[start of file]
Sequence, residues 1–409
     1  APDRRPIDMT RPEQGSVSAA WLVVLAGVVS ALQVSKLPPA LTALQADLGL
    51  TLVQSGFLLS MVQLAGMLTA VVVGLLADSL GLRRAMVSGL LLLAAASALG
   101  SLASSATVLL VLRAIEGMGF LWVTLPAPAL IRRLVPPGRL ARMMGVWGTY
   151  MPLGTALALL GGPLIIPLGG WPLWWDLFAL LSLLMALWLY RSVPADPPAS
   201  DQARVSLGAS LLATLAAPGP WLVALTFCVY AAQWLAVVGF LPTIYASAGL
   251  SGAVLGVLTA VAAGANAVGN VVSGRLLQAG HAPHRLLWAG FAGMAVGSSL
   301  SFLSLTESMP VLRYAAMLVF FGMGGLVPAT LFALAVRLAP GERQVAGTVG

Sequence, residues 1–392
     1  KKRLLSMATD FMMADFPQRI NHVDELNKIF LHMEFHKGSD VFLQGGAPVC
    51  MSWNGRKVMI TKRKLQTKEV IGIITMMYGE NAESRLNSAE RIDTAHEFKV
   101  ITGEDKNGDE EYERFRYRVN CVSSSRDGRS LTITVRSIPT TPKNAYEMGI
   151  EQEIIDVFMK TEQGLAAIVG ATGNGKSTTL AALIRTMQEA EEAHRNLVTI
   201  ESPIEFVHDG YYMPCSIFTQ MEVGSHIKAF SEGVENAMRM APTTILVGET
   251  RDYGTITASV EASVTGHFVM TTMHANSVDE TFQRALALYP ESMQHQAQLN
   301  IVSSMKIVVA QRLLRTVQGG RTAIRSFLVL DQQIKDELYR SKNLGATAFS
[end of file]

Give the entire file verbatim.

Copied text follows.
Sequence, residues 1–409
     1  APDRRPIDMT RPEQGSVSAA WLVVLAGVVS ALQVSKLPPA LTALQADLGL
    51  TLVQSGFLLS MVQLAGMLTA VVVGLLADSL GLRRAMVSGL LLLAAASALG
   101  SLASSATVLL VLRAIEGMGF LWVTLPAPAL IRRLVPPGRL ARMMGVWGTY
   151  MPLGTALALL GGPLIIPLGG WPLWWDLFAL LSLLMALWLY RSVPADPPAS
   201  DQARVSLGAS LLATLAAPGP WLVALTFCVY AAQWLAVVGF LPTIYASAGL
   251  SGAVLGVLTA VAAGANAVGN VVSGRLLQAG HAPHRLLWAG FAGMAVGSSL
   301  SFLSLTESMP VLRYAAMLVF FGMGGLVPAT LFALAVRLAP GERQVAGTVG

Sequence, residues 1–392
     1  KKRLLSMATD FMMADFPQRI NHVDELNKIF LHMEFHKGSD VFLQGGAPVC
    51  MSWNGRKVMI TKRKLQTKEV IGIITMMYGE NAESRLNSAE RIDTAHEFKV
   101  ITGEDKNGDE EYERFRYRVN CVSSSRDGRS LTITVRSIPT TPKNAYEMGI
   151  EQEIIDVFMK TEQGLAAIVG ATGNGKSTTL AALIRTMQEA EEAHRNLVTI
   201  ESPIEFVHDG YYMPCSIFTQ MEVGSHIKAF SEGVENAMRM APTTILVGET
   251  RDYGTITASV EASVTGHFVM TTMHANSVDE TFQRALALYP ESMQHQAQLN
   301  IVSSMKIVVA QRLLRTVQGG RTAIRSFLVL DQQIKDELYR SKNLGATAFS